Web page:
What I remember most was that it was misting. Outdoors venues in the Seattle area, you always run into that risk. That is even true for concerts occurring smack dab in the middle of those two months out of the year when there is sun (usually) and the grass turns brown. At least it wasn't drizzling. And what else, perhaps the mist was pretty? I ended up acting like a true Pacific Northwesterner in response to the weather and got a mocha latte. Even though I knew that meant I was going to have to stand in the bathroom line about an hour later. I guess that was me living on the edge. I was wearing new shoes, too. (Hm, I don't really have much to say about this concert, do I?)

Maybe the mist is why I can't find any YouTube footage for this event to jog my memory. (In case you didn't notice, I've taken way too long to finally get around to writing this review.)

I went to this event not knowing much about Lyle Lovett's music. People usually recognize “If I Had a Boat,” but I wasn't even so familiar with that song. The thing I knew most about Lovett is that he was once married to Julia Roberts. There was a song he played that an audience member nearby me, who was narrating, mentioned that he wrote it about Julia Roberts. (I think it was that low-key, jazzy “I Know You Know.”)

So there you go; I'm not going to be able to recall too many of the songs he played, except for “If I Had a Boat.” I was told by someone he is famous for that song, so I recognized it when he played it. I do however remember what was the most striking moment at the concert. It was “Church,” a gospel that got some tremendous momentum going! The song titled “Farmer Brown/Chicken Reel” also rings a bell (a silly swing number), so he probably played that one, too.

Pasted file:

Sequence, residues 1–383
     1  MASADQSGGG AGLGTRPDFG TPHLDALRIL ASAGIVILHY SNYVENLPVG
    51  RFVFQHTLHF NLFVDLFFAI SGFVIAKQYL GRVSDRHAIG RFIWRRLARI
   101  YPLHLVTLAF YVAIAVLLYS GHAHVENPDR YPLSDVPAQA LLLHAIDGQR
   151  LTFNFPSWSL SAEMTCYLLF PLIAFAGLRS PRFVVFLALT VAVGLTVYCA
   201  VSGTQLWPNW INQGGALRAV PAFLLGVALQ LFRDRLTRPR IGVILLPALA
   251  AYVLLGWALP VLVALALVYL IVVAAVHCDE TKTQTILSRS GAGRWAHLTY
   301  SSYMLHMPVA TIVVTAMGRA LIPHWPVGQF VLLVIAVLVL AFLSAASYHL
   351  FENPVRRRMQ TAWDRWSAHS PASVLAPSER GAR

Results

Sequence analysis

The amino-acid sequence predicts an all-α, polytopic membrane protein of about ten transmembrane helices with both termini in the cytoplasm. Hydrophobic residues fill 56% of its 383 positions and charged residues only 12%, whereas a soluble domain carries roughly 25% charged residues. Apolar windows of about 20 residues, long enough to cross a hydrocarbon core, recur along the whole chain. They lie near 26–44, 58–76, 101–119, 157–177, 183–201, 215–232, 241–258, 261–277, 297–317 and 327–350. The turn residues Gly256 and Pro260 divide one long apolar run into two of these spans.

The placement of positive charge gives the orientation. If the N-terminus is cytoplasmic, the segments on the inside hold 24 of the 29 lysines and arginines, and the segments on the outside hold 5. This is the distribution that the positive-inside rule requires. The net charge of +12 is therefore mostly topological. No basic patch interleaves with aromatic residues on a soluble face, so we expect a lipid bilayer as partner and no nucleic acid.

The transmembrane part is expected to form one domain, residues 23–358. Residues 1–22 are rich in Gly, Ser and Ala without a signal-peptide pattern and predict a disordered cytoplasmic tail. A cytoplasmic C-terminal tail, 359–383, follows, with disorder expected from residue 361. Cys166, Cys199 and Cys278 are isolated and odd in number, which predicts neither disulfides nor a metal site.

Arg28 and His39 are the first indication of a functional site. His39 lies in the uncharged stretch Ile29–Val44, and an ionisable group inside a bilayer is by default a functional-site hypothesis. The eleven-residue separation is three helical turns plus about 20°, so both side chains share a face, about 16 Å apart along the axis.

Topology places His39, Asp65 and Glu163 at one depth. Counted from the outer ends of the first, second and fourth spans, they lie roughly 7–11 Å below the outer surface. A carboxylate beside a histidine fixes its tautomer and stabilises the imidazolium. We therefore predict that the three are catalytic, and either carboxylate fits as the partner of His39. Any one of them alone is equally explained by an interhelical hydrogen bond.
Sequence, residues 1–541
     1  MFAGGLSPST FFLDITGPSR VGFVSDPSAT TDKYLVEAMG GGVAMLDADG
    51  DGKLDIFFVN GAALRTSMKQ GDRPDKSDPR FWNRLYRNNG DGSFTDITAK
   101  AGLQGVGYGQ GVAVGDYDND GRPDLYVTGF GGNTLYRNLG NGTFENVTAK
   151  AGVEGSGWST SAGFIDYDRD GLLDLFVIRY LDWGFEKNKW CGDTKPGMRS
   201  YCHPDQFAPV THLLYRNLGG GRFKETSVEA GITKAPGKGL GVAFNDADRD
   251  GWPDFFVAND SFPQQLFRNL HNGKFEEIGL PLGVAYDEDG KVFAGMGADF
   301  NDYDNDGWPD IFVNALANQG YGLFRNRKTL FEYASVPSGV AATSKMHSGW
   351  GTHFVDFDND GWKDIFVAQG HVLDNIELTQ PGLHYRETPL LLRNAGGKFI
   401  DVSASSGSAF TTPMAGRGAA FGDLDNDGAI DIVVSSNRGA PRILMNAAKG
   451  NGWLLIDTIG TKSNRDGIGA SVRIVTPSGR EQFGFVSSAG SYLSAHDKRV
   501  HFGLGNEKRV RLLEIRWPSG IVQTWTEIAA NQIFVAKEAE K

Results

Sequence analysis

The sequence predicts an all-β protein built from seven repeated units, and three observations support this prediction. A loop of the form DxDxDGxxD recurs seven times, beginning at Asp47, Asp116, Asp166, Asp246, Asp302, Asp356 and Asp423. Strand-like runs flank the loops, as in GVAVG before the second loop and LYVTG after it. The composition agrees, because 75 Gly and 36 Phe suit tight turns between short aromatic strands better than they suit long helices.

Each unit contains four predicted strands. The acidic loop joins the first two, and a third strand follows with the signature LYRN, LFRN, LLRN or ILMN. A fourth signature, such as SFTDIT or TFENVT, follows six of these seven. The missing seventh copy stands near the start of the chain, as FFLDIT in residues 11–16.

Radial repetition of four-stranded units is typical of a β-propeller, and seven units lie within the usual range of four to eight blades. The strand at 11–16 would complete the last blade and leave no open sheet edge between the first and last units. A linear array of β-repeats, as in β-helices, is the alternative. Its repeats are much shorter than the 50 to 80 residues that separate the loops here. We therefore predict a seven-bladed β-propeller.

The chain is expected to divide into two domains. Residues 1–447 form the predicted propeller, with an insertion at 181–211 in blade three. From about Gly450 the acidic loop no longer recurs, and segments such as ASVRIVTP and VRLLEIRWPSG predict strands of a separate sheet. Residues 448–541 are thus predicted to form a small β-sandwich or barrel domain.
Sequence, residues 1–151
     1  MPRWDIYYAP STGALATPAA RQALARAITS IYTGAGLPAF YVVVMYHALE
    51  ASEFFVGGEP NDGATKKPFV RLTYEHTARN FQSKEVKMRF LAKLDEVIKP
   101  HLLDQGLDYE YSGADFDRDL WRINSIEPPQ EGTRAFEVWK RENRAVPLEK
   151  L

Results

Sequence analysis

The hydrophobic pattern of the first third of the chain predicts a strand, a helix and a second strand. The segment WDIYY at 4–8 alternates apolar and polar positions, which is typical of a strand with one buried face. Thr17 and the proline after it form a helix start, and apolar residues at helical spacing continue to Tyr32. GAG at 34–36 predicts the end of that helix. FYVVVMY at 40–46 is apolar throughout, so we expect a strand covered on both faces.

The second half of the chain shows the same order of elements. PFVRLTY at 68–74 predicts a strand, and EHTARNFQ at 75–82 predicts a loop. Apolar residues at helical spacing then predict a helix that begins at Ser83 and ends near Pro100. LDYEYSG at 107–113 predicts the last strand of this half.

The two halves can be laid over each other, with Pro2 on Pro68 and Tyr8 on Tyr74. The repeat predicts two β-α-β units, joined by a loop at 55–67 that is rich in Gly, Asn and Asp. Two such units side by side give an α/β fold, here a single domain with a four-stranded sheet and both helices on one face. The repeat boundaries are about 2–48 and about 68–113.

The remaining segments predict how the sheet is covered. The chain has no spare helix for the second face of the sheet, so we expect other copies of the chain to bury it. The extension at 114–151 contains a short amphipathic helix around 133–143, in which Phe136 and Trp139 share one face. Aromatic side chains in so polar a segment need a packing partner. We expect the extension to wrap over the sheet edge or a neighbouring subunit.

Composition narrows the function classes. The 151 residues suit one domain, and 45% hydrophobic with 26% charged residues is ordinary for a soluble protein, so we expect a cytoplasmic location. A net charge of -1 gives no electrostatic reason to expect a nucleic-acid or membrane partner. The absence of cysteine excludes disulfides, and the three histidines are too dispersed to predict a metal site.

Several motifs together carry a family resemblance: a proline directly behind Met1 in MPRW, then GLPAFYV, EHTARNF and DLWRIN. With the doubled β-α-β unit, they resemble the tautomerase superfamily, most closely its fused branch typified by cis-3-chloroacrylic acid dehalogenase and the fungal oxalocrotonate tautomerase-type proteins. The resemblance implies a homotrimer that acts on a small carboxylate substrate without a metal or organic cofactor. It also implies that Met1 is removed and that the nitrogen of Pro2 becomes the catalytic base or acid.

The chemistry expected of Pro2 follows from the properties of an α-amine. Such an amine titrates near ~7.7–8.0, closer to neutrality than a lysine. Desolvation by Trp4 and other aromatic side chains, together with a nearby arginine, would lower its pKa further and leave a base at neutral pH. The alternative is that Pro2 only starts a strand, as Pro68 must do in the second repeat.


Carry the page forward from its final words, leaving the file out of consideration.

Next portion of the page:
By the way, it's really hard to pin down Lovett's style. He does a variety of things. Perhaps his roots are country-western, but it doesn't seem quite correct to label him as a country-western musician. I described his style as “Americana” to someone, but he told me I was using the term incorrectly. However, I don't think that's wrong. Everything Lovett does is distinctly American, as he gives his own personal interpretation of a variety of musical styles (jazz, bluegrass, folk, country-western, gospel, blues, etc.).

He was quite chatty to the crowd, often making disparaging remarks about himself. That is, that he is ugly. I also remember him talking about how he was first trying to get into the industry and—well--surviving.

All in all, I might not have considered this one of the seminal moments of my concert-going experiences in 2013; however, I certainly enjoyed it. Lovett of course is a known figure, and thus I figured that it was worth seeing him. And it was! After the concert got out, I bought a few of his albums and I've been enjoying them quite well.

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All reviews are written by Michael Lawrence.